The true meaning of a supergroup, Hellyeah comprises of members of Pantera, Mudvayne, Nothingface and Damageplan. Their self-titled debut took the rock world by storm, entering the US Billboard charts at number 9 and going on to sell over 365,000 copies in America alone. Their new offering, Stampede, has the potential to do the same.
From the off, it’s clear the roots these guys came from. The whole sound is very much reminiscent of Pantera in particular (possibly because Vinnie-Paul not only drummed on the album, but produced it too), as well as it’s other predecessors, but has a hint of a new edge to it. Likewise, it’s evident that this isn’t just going to be a well created metal masterpiece, but also a brilliantly catchy record. An instant favourite for any fan of real heavy metal.
As obvious as the members talent is from their previous work, it’s still showcased flawlessly on this record. The title track is a prime example of this, and is sure to be a huge hit at this years festivals with its distinguished chorus, perfect for crowd sing-a-longs. Another stand out track is the partly acoustic ‘Better Man’, this time for different reasons. This one is the absolute epitome of what a rock ballad should be, heartfelt (the lyrics tell the story of growing up with an alcoholic father), but still has attitude.
Of course, as with any old-school metal album, there’s going to be the element of sleaze. Some get it wrong, and end up sounding awfully cheesy, whereas some, including Hellyeah, get it spot on. The sexy touch stands out mostly in the suitably titled ‘Pole Rider’. The subject of this song is clear, so it’s only right that it should have a downright dirty sound.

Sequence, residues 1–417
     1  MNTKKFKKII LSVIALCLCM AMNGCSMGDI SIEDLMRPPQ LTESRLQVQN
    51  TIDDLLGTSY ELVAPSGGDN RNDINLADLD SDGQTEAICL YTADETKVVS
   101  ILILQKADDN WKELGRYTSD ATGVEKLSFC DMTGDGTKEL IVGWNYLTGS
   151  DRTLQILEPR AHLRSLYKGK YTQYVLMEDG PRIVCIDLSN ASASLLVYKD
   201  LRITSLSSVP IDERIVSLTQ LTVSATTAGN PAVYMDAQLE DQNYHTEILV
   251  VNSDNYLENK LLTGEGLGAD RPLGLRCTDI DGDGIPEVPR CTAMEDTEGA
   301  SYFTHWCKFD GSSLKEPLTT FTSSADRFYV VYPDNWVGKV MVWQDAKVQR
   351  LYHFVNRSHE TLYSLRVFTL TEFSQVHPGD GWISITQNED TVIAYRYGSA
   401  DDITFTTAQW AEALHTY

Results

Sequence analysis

Probably the best thing about this album, is the diversity. It shows the full capabilities of these musicians by differing from their previous work, as well as each track being different from all the others. Yes, it is mainly solid, guitar thrashing, drums crashing metal, but there’s also some slower songs, as well as a ballad. Take note, young bands, this much variety should be expected of any album, no matter what genre.
Hellyeah show talent in their lyric writing abilities as well, stepping it up a notch after their debut was criticised for having repetitive lyrics.
Hellyeah are just all round great musicians, they can pen some good words, and have mastered how to write amazing music with clever intricacy, but without the need for long, drawn out guitar solos. Hopefully, they’ll bring back proper heavy effin’ metal!